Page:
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Detection of a Helicopter Input Pinion Bearing Fault Using Interstitial Envelope Analysis

Qiao Sun, Sally Anne McInerny, William Hardman


https://doi.org/10.20855/ijav.2006.11.3198


Data recorded in an endurance test sequence during which the starboard pinion support bearing failed are analysed. Fault indicators, previously developed for this bearing, fail to detect its degradation until after the first chip light. Further analyses show that a cage fault is detectable in the earliest recorded dataset when the acceleration signal is bandpass filtered between the first and second GM frequencies, an interstitial frequency band. The starboard pinion bearing cage fault can also be seen in the earliest recorded data at the port main location, indicating that the distorted cage affects the power transmitted from the starboard main pinion to the main bevel gear and can, therefore, be detected on the other side of the gear box. Impact generated high frequency energy, as reflected in the kurtosis of the signal in a high frequency bandpass range, is not detectable until after the first chip light. The initial bearing fault, perhaps a cage distortion, may have led to the eventual spalling of the rollers. The results presented here can be used to develop prognostics that may safely permit extended operation of a main gearbox after the removal of a pinion with a spalled integral raceway.


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Autoregressive Order Selection for Rotating Machinery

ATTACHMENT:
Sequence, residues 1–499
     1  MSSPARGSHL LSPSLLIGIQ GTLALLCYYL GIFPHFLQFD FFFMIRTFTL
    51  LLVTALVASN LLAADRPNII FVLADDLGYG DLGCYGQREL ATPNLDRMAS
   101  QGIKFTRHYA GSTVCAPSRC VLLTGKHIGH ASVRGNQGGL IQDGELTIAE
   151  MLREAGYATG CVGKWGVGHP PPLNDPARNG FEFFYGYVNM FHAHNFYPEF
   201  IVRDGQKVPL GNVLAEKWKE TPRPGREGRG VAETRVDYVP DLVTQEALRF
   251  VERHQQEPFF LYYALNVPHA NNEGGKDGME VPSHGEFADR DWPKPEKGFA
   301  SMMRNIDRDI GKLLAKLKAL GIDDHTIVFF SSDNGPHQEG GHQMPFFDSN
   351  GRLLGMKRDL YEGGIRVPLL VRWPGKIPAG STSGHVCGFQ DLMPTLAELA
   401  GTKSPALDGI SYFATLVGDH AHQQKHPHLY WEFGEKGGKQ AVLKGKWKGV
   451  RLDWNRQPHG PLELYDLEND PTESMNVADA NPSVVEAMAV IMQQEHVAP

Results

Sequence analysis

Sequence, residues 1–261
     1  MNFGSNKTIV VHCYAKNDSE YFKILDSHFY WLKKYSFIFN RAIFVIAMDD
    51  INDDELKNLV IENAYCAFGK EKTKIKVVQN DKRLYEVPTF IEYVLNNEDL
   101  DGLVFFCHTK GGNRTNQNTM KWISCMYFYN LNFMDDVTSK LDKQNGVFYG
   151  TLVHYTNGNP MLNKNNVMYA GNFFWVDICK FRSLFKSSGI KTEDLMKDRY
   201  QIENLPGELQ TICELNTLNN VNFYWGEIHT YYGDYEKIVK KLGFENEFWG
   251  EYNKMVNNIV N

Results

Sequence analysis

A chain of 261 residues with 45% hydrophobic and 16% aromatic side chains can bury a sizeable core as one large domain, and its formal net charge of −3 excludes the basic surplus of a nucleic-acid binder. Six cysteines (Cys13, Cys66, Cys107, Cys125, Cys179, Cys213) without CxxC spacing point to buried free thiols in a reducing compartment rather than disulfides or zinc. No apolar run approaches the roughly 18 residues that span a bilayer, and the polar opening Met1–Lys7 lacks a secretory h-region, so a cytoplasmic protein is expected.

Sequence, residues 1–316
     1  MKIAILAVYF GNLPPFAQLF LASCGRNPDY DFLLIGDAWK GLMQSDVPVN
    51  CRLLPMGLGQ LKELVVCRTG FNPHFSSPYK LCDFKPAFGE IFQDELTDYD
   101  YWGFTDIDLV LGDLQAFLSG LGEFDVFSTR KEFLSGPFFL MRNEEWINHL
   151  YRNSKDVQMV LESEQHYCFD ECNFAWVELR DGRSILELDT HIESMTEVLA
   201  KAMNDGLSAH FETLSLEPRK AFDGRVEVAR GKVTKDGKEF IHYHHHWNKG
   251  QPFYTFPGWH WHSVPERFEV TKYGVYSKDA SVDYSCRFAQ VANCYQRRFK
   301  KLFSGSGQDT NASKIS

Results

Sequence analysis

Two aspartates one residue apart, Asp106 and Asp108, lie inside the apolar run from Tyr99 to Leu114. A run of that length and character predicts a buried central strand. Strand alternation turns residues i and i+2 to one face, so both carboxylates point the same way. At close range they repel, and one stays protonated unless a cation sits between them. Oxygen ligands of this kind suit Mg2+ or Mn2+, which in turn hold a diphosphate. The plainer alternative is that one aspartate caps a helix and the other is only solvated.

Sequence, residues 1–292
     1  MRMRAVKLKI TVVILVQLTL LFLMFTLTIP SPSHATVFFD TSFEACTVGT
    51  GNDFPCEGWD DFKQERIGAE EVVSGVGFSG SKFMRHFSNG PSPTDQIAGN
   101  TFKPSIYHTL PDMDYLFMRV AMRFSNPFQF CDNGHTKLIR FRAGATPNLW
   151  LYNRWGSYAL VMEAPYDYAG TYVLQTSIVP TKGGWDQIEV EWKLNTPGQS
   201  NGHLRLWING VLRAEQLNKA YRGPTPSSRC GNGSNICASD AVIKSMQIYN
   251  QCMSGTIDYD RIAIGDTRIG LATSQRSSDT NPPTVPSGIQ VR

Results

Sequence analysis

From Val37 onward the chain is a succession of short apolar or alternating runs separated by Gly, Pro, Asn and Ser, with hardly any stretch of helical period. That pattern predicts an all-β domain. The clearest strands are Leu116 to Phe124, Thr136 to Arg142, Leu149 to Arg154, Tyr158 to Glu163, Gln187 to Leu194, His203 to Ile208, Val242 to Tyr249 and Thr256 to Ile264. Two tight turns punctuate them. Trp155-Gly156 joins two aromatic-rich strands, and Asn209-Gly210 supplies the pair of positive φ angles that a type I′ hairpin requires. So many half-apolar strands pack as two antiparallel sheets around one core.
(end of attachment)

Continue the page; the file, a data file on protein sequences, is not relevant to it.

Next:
Suguna Thanagasundram and Fernando Soares Schlindwein


https://doi.org/10.20855/ijav.2006.11.3199


This paper provides a practical rule for determining the minimum model order for Autoregressive (AR) based spectrum analysis of data from rotating machinery. The use of parametric methods for spectral estimation, though having superior frequency resolution than Fast Fourier Transform (FFT) based methods, has remained less favoured mainly because of the difficulties in estimating the model order. The minimum model order pmin required is the ratio of the sampling rate and the rotating speed of the machine. This is the number of samples in one shaft revolution. Traditional model order selection criteria, Akaike Information Criterion (AIC), Final Prediction Error (FPE), Minimum Description Length (MDL), Criterion Autoregressive Transfer-function (CAT), and Finite Information Criterion (FIC) are used to estimate the optimal order. These asymptotic criteria for model order estimation are functions of the prediction error and the optimal order of an AR model is chosen as the minimum of this function. Experimental results, using vibration data taken from a dry vacuum pump at different sampling rates and rotating speeds, show that at pmin there is a marked reduction in the prediction error. For low speed rotating machinery, the optimal order is pmin. As the speed of the rotating machine increases, there is some advantage in using twice or thrice pmin, to produce more accurate frequency estimates. The Box- Jenkins method of order determination using autocorrelation and partial autocorrelations plots are also used for justification of the selection of this minimal order.